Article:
by Viet Thanh Nguyen
In an opinion piece in The New York Times following the release of his 2016 Pulitzer Prize-winning debut novel, The Sympathizer , Vietnamese-American author Viet Thanh Nguyen describes himself as a refugee, rather than an immigrant.
“Refugees,” he wrote, “are the zombies of the world, the undead who rise from dying states to march or swim toward our borders in endless waves.”
So it’s perhaps no surprise that he should inscribe his debut collection of short stories, The Refugees, with the words of Chilean author Roberto Bolaño: “I wrote this book for ghosts, who, because they’re outside of time, are the only ones with time.”
Inside this extraordinary collection, Nguyen has given voice to a diverse range of refugees who have carved out new lives in their adopted land, America, but remain haunted by the ghosts of their former lives in Vietnam.
Despite the many accolades heaped upon Nguyen – who also carried off the 2016 Dayton Literary Peace Prize for Fiction and a clutch of other notable awards for his debut novel – it still comes as a revelation just how beguiling these stories are. Sharp, sardonic, poignant and profoundly human, each tale opens the door to a new set of characters, a new cast of “ghosts”, a fresh way of articulating that which remains buried deep in the human heart, locked up in fragmented memories, slivers of disillusionment, shards of hope.
No story in this collection speaks more potently to the prevailing notion of refugees than the opener, “Black-Eyed Women ”. It is narrated by a successful 38-year-old ghostwriter who, ever since her father died a few years earlier, has been living “together politely” with her 63-year-old mother, who works in a nail salon.
“We shared a passion for words, but I preferred the silence of writing while she loved to talk,” she notes, wryly listing an inventory of the kinds of gossip, morality tales and ghost stories her mother loved to tell her– terrifying tales of woe that filled her American adolescence and were, “all of them, proof of what my mother said, that we did not belong here. In a country where possessions counted for everything, we had no belongings except our stories.”
It is only late at night, when pondering her own ability to fashion the story at hand – that of the sole survivor of a plane crash – that her own memories of the horrific experiences she endured during their escape on a fishing boat come knocking at the door in the form of her brother’s ghost. We’ve all read of the horrors endured by the Vietnamese boatpeople, yet it’s hard to conceive of a narrative that conveys the weight and intensity of their long-buried, often unacknowledged trauma with such economy and gravitas.
The true power of this collection lies in the way Nguyen subverts stereotypical notions of the refugee experience, both sharpening and stretching our appreciation of its vast, universal dimensions in stories that range across generations, gender and time. In “The Other Man”, for instance, he chronicles the gradual “Americanisation” and sexual awakening of a young Vietnamese who comes to live with his sponsors, a gay couple, in San Francisco in 1975.
In “The Americans”, a frail and ageing African-American former air force pilot is coaxed back to Vietnam by his Japanese wife in order to visit their daughter, Claire, who has decided to live there. Claire struggles to make him understand her compulsion to make restitution for his earlier carpet bombing of the country and he can’t fathom why she empathises with “vast masses of people she had never met, strangers who regarded her as a stranger and who would kill her without hesitation given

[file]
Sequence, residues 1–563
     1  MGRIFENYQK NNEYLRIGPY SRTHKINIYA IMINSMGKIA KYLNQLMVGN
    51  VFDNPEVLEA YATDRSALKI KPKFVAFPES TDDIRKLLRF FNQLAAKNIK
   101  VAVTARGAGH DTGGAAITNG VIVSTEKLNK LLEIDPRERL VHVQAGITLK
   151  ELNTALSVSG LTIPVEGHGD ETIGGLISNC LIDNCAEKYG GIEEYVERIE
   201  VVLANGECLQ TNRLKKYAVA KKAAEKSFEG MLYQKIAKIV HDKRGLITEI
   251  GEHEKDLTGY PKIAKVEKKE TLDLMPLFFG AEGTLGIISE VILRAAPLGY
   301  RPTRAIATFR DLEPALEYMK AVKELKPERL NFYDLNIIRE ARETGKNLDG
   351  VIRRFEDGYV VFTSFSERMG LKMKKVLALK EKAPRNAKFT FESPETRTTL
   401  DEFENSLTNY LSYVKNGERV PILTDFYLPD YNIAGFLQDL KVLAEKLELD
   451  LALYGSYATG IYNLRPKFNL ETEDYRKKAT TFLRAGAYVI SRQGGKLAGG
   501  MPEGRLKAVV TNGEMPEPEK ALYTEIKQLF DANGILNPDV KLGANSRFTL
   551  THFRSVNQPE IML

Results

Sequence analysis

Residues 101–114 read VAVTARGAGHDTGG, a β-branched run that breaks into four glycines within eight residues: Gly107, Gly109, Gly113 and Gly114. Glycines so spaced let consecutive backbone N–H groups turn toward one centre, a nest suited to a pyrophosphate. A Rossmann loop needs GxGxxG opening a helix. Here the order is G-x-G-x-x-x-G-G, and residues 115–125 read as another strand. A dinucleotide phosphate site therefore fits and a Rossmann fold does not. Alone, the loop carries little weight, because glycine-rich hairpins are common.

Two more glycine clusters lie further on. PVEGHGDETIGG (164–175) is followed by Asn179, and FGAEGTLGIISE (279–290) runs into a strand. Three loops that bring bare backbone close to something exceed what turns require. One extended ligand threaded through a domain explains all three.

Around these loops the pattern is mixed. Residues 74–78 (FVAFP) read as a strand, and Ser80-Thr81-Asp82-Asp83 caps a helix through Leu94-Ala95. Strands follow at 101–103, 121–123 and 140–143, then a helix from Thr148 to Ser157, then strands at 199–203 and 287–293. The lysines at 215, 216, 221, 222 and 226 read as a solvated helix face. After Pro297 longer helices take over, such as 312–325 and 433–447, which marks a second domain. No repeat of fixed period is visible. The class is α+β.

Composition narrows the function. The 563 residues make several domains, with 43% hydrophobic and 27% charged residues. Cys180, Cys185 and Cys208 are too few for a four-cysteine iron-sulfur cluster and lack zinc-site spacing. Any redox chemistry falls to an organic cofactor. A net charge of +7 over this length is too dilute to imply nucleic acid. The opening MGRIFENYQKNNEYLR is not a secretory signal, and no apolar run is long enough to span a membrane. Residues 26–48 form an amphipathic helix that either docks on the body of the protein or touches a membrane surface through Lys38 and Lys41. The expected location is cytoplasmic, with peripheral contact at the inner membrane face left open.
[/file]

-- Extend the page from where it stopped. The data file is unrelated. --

Nguyen also possesses an extraordinary ability to evoke the everyday, the quotidian details of ordinary lives in vivid, direct prose. In “War Years”, the reader can almost smell the spices that stock the shelves of the grocery store owned by the parents of its 13-year-old narrator. The boisterous daily trade of cash and conversation is captured in Nguyen’s note-perfect rendering of dialogue.
New Saigon Market, in California, in 1983 is a place where English “was hardly ever spoken and Vietnamese was loud”. Sprinkling his tale with fragments of dialogue, ruminations on his English homework, and his passion for comics and Star Wars, this teenage narrator unfurls an almost tragicomic account of Mrs Hoa, a war widow who attempts to get her parents to finance a guerilla army to fight against the “evil communists” and resurrect the Republic of the South.
The “resentful remnants” of the defeated southern republic are also poignantly invoked in “Fatherland”. Here, contemporary reality collides with 30 years of public propaganda and private illusion when a daughter of a Vietnameseman’s estranged first wife, who absconded to America with their three children, visits his second family in Saigon.
Mr Ly had learned of his wife’s departure while serving a five-year sentence in the New Economic Zone. During the war, he had owned a shoe factory but, as his daughter from his second marriage observes, now “he wore his sadness and defeat in a paunch barely contained by the buttons of a shirt one size too small for him”.
For all the masterful ways in which these stories illuminate complex family relationships, the burden of family expectations, notions of identity, displacement and loss – or even the ravages of dementia, so heartbreakingly and keenly observed in “I’d Love You to Want Me” – what resonates most potently is the way in which the book’s characters are both enriched and weighed down by their dual identity; by the way the ghosts of their home country reach out across time and geography to haunt the next generation, ensuring they remain forever outsiders.
“As they [the ghosts] haunt our country,” observes one of the many unnamed but unforgettable voices in this small, peerless collection, “we haunt theirs.”